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The White House effort to blame insurance companies for lost plans

(AP Photo/ Evan Vucci)

“The provision in the law was the manifestation of the assurance that if you have a plan you want to keep, you can keep it. Insurance companies that chose to strip away benefits from existing plans in the interim, that canceled existing plans in the interim, they took away that grandfathering opportunity. And that’s a reality.”

— White House spokesman Jay Carney, daily press briefing, Nov. 5, 2013

In defending President Obama’s now-discredited pledge that “if you like your health-care plan, you’ll be able to keep it,” the White House has repeatedly tried to blame insurance companies.

White House spokesman Jay Carney’s statement above, accusing insurance companies of stripping away benefits, is typical.  Columnists supportive of the White House have piled on, arguing that insurance companies should be blamed.

Meanwhile, Obama, in trying to tweak his original pledge, added this caveat earlier this week: “If you had or have one of these plans before the Affordable Care Act came into law and you really like that plan, what we said was, you could keep it if hasn’t changed since the law’s passed. You’re grandfathered in.”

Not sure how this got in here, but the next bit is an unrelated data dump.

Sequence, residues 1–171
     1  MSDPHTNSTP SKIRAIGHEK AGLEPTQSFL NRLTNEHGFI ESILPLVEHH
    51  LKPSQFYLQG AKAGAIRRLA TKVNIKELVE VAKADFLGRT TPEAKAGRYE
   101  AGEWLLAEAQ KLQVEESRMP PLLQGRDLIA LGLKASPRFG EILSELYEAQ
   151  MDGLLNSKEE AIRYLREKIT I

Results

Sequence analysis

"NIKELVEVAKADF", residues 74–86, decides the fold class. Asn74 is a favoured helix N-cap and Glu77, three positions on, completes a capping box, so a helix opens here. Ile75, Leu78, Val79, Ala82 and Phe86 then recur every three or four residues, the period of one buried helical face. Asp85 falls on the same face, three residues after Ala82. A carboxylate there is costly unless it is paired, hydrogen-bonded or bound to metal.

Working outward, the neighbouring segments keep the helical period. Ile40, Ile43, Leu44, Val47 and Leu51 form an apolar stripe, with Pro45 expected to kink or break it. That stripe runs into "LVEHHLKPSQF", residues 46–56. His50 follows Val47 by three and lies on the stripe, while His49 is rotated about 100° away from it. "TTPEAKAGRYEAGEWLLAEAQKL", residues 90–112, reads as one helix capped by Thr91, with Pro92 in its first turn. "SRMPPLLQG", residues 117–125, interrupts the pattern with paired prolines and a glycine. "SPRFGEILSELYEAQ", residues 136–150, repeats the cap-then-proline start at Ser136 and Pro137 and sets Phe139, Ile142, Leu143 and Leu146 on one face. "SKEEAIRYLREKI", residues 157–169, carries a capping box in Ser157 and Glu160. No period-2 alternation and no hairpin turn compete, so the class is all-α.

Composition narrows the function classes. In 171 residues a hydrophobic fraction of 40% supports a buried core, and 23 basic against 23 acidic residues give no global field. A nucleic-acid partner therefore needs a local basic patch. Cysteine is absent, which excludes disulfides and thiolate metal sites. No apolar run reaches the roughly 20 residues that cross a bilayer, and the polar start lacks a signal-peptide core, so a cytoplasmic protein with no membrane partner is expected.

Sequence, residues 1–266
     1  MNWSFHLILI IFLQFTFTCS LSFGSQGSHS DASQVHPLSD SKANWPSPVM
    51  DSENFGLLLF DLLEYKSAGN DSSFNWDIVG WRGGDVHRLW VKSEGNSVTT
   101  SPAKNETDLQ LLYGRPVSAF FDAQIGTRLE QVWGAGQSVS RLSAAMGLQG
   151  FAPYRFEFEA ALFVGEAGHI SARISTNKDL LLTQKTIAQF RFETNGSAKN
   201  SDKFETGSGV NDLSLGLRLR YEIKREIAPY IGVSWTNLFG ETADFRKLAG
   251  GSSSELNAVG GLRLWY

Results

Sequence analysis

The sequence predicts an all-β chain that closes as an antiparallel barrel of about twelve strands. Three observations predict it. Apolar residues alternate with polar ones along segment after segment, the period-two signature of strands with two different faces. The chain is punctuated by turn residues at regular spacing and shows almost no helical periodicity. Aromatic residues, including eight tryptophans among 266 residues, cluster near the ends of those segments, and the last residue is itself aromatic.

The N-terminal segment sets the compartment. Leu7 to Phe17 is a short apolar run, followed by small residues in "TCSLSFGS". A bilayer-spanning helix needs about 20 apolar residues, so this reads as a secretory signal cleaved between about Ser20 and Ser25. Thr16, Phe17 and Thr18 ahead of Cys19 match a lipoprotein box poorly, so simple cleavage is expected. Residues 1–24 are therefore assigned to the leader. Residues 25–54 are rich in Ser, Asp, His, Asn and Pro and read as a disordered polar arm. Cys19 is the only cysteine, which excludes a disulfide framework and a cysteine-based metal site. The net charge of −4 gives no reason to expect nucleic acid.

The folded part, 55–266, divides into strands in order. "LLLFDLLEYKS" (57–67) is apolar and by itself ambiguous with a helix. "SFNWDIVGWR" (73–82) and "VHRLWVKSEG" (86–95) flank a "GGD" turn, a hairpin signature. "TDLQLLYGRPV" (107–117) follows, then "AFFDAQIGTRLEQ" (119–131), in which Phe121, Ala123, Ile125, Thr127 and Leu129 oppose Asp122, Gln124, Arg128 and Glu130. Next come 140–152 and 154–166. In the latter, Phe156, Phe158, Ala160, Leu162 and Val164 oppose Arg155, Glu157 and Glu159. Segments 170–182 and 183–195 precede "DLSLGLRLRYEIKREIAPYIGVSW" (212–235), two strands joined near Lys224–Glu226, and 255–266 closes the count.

But there’s an interesting wrinkle to this story that few appeared to have understood. The main culprit is not whether or not the insurance industry has changed a plan that ran afoul of the administration’s regulations — but the law’s effective date. Let’s explain.

The Facts

We’ve noted before the tight regulations that the Department of Health and Human Services wrote while implementing the law, which affected “grandfathered plans,” those obtained before the law was signed on March 23, 2010.  That’s what Carney is referring to when he claims that insurance companies are taking away benefits — though that is just one of a myriad of provisions that could affect a plan’s grandfathered status.

But how many people actually would have kept their individual plans that long in the first place? HHS, when it drafted the interim rules, estimated that between 40 and 67 percent of policies in the individual market are in effect for less than one year. “These estimates assume that the policies that terminate are replaced by new individual policies, and that these new policies are not, by definition, grandfathered,” the rules noted. (See page 34553.)

That’s a large percentage of the plans — but it’s actually bigger than that, given the effective date. We dug into the key research that prompted this estimate, a study titled “Patterns Of Individual Health Insurance Coverage, 1996–2000.” The study noted that, for most people, buying individual insurance is a temporary condition:

“Roughly two-thirds of spells began or ended with employer-sponsored coverage. Eighty-five percent of those with such coverage before a spell of individual coverage returned to an employer-sponsored plan. Thus, more than half of all individual-coverage spells (58 percent) bridged periods of employer-based insurance.”

The study included an interesting chart, based on the experiences of more than 6,000 people, that showed how long a person had a “spell” of individual coverage. The median spell length was only 8 months. Here are the key points: